Large Scale Protests Against the Iranian Government

Pro-Democracy protest brings 15 000 to Berlin’s Brandenburg Gate

July 16th, 2019
Frankie Fraser, News from Berlin
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On the 6th of July, large scale protests were held against the Iranian political system, with an estimated 15 000 people gathering at the iconic Brandenburg Gate.

It was a remarkable scene, with 1000s descending onto the landmark swathed in yellow, holding aloft banners and chanting pro-democratic slogans.  It marked one in a series of global rallies against the Iranian regime, following rallies in Brussels and Washington DC respectively. They were catalyzed by Maryam Rajavi, the leader of the largest opposition group, the People’s Mujahedin of Iran (PMOI/MEK), calling on the Iranian diaspora to display their discontent for the current political situation.

Central to the protests is the indiscriminate use of the death penalty and widespread violations of human rights. The pro-democracy protestors demanded the recognition of the opposition coalition, the National Council of Resistance of Iran (NCRI), led by the PMOI/MEK, and advocated its President-elect Maryam Rajavi. The protestors demanded the realization of their human rights and the implementation of democracy within the state. In a pre-recorded speech Rajavi called on “The dossier of human rights abuses and massacre of political prisoners in Iran must be referred to the UN Security Council” and declared “The religious fascism in Iran is the greatest threat to peace in the world today”. The former member of the U.S. Congress, Patrick Kennedy also delivered a speech, branding the government in Tehran as “the fascist dictators today”, while stating “We are at a historic point in history when it comes to the freedom of the people of Iran. This is not just a problem for Iranians to solve, it’s a problem for anyone in the world who cherishes freedom and who hates the tyrannical regime of the mullahs in Iran”. Member of the German Bundestag, Thomas Nord, emphasized the security threat the regime poses, stating “The Iranian regime is a threat to the world and is trying to acquire a nuclear weapon. We must do whatever we can to prevent the regime from acquiring a nuclear bomb to pose a threat to world peace,” and affirmed his commitment for democracy to take hold within the state. Across the protests, this was a central theme, that democracy was not only in the interests of the people of Iran but of equal importance to allow for international peace and security.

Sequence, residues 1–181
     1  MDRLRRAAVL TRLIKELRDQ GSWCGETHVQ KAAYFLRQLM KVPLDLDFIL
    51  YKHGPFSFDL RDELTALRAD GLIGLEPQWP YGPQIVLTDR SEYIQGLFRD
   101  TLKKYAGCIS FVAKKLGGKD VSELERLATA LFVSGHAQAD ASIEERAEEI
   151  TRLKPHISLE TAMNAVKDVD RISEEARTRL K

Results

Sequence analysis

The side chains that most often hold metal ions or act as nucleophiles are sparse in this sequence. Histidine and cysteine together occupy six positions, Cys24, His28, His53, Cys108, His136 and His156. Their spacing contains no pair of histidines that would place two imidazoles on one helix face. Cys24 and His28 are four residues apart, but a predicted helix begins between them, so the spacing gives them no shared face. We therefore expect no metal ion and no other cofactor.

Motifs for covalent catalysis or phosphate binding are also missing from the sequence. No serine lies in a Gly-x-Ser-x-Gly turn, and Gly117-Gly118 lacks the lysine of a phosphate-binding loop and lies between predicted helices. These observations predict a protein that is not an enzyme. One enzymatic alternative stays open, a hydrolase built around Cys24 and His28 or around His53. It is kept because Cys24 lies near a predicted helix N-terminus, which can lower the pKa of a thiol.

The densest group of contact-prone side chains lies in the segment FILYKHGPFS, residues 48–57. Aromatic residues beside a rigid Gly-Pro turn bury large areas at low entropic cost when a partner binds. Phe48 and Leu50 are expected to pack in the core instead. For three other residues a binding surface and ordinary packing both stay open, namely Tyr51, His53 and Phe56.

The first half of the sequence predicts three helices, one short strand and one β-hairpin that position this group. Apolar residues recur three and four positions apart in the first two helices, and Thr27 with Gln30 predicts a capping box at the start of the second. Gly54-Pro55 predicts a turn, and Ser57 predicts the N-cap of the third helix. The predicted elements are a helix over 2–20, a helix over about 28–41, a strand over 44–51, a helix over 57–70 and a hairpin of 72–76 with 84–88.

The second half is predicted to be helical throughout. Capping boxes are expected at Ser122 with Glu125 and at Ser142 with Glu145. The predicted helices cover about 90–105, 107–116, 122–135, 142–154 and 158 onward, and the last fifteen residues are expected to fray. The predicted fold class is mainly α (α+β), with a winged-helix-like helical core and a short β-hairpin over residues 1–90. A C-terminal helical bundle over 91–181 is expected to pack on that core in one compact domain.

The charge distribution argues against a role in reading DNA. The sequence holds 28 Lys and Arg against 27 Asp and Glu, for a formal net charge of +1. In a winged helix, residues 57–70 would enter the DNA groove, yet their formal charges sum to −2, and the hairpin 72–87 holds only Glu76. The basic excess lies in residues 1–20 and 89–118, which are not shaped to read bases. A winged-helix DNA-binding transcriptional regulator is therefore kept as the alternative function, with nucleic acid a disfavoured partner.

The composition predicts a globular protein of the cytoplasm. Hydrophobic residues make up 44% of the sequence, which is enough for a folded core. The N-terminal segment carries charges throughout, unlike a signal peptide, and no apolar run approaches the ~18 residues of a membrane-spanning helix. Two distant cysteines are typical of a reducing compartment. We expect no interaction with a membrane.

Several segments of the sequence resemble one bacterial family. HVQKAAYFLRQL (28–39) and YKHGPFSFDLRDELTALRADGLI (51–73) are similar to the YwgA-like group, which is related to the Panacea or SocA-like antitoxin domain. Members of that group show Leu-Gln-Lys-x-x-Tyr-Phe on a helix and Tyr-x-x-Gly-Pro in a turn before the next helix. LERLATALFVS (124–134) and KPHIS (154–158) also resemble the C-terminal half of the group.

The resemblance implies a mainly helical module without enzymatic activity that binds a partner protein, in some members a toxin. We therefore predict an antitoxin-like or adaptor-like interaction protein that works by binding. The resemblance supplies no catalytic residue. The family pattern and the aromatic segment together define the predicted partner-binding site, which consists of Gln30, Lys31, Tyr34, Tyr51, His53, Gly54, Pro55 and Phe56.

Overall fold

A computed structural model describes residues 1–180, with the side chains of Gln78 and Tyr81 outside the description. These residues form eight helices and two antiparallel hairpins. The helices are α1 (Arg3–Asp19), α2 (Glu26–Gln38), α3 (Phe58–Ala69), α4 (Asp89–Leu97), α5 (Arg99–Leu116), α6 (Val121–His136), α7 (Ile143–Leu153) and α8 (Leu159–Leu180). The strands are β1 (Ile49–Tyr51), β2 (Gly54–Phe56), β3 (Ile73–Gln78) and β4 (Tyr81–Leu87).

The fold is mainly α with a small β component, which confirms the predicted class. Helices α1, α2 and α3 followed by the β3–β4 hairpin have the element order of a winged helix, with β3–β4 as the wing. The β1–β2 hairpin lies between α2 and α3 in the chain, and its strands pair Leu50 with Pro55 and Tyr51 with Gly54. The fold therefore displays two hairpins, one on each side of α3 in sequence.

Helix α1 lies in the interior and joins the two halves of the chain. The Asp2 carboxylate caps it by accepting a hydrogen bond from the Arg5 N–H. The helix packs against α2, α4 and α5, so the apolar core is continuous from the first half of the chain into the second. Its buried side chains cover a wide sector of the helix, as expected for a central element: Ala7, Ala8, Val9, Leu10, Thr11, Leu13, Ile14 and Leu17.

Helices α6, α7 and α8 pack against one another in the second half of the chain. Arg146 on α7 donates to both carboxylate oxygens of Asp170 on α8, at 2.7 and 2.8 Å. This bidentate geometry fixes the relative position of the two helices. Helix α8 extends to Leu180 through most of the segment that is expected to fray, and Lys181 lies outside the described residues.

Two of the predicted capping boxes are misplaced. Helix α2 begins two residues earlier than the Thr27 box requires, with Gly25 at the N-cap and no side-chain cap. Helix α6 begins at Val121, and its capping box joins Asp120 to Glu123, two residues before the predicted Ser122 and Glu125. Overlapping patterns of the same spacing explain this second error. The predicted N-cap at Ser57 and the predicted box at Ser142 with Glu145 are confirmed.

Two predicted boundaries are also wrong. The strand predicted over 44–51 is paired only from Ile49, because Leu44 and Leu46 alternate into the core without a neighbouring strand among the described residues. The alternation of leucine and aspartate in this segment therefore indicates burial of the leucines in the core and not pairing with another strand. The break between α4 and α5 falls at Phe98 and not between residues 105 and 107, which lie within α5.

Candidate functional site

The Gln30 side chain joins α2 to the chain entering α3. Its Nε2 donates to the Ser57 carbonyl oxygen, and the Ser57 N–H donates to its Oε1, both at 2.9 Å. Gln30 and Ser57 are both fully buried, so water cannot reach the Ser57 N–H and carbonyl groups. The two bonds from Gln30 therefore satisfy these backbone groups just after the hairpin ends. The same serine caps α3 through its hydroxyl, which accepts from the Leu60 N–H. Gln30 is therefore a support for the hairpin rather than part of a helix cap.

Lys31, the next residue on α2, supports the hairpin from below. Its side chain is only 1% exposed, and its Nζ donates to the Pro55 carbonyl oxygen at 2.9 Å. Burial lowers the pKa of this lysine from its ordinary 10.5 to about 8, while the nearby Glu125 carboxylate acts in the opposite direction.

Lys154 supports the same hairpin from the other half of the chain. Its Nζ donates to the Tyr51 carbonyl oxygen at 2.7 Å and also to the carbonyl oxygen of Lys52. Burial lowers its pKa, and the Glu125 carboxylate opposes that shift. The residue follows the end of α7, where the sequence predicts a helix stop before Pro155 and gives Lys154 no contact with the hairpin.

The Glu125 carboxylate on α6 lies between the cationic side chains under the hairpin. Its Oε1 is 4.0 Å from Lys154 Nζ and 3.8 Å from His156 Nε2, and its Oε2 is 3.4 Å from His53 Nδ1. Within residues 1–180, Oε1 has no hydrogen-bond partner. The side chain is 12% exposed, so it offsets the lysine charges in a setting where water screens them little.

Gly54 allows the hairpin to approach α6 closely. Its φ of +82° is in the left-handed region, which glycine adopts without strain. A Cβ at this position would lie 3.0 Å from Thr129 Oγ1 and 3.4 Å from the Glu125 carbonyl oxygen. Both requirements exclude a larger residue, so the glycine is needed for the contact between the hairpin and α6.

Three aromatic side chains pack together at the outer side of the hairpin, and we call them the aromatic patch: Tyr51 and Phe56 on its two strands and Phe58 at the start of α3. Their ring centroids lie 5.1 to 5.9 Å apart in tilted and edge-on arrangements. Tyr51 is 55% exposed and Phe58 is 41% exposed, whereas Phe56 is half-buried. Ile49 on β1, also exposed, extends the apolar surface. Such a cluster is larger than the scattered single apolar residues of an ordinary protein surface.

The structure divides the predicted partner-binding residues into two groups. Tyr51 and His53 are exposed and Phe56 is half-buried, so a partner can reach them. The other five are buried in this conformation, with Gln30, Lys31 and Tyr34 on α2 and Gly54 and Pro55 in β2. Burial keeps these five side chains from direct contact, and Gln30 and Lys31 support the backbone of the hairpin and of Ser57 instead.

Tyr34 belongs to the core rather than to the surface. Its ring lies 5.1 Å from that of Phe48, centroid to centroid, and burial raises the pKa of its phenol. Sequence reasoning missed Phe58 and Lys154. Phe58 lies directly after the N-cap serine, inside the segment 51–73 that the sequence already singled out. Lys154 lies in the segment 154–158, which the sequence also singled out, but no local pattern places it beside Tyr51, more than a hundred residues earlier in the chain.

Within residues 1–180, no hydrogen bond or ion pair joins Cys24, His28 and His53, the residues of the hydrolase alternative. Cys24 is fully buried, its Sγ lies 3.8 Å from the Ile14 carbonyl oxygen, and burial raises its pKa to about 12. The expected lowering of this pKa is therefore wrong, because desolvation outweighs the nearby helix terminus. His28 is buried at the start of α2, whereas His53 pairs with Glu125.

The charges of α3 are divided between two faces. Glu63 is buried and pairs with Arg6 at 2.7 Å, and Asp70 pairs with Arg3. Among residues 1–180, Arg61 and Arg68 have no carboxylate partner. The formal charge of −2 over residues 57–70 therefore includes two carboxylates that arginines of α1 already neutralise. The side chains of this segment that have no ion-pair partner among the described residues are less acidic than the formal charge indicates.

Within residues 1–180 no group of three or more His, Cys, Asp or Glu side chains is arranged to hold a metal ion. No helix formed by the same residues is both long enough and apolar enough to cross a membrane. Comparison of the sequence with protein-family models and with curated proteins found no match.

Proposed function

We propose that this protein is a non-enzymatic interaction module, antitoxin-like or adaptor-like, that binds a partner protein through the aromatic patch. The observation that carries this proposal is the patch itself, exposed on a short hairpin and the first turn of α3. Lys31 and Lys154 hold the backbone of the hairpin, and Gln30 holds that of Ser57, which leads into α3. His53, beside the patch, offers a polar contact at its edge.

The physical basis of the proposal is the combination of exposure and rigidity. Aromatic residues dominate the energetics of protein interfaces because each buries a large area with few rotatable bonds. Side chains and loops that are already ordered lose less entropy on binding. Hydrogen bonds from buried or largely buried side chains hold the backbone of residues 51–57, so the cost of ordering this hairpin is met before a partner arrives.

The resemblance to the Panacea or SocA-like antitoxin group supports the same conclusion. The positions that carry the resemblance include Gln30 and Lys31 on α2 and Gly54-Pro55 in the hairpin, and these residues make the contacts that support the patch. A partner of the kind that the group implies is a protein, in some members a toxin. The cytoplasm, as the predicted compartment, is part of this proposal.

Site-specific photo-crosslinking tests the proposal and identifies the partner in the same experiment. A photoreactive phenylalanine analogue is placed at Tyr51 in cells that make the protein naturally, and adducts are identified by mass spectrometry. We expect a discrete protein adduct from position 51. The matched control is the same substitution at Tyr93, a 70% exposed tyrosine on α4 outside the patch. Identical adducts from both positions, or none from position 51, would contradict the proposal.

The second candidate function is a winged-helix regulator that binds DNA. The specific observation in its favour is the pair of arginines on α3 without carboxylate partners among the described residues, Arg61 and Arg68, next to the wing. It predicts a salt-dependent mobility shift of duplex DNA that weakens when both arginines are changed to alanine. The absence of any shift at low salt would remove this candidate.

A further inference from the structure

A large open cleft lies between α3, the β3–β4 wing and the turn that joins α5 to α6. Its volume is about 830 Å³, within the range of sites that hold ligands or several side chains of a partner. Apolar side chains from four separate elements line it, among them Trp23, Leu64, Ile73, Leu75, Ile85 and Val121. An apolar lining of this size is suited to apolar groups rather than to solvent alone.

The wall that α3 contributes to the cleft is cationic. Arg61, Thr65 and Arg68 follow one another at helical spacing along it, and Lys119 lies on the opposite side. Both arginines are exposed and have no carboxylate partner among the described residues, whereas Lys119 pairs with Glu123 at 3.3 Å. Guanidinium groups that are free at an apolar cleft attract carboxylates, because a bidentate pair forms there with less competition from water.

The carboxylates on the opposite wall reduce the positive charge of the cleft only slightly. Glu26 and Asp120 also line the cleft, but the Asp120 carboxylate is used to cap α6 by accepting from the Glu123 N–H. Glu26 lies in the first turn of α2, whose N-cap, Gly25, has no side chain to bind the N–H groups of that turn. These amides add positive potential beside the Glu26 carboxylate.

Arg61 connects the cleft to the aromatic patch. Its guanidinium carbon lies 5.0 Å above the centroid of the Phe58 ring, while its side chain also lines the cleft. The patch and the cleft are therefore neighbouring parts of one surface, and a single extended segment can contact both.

The rally was also used as an opportunity to call on the international community to do more in condemning the regime. Mirroring several banners which called on the European Union to adopt a film policy towards the state, the NCRI representative in Germany, Masumeh Bolurchi, stated: “We call on EU countries to put the MOIS and Islamic Revolutionary Guards Corps on the list of terrorist organisations and expel their agents from their countries”. This was echoed by Rajavi, who emphasized the need for the International community to do more, “In this grand demonstration, your message and the message of the people of Iran to the world and particularly to Europe is this: Stop the policy of giving concessions to the religious dictatorship”. Hence, this outward display of discontent became an instance of intercultural diplomacy, in which the Iranian opposition could both display their anger at the current system and simultaneously demand more support from fellow states. This outward display of discontent with the current political order builds on the continued protests taking place within Iran, with numerous strikes and demonstrations occurring due to the economic situation, perceived government corruption and in opposition of Iranian involvement in regional conflicts.


News from Berlin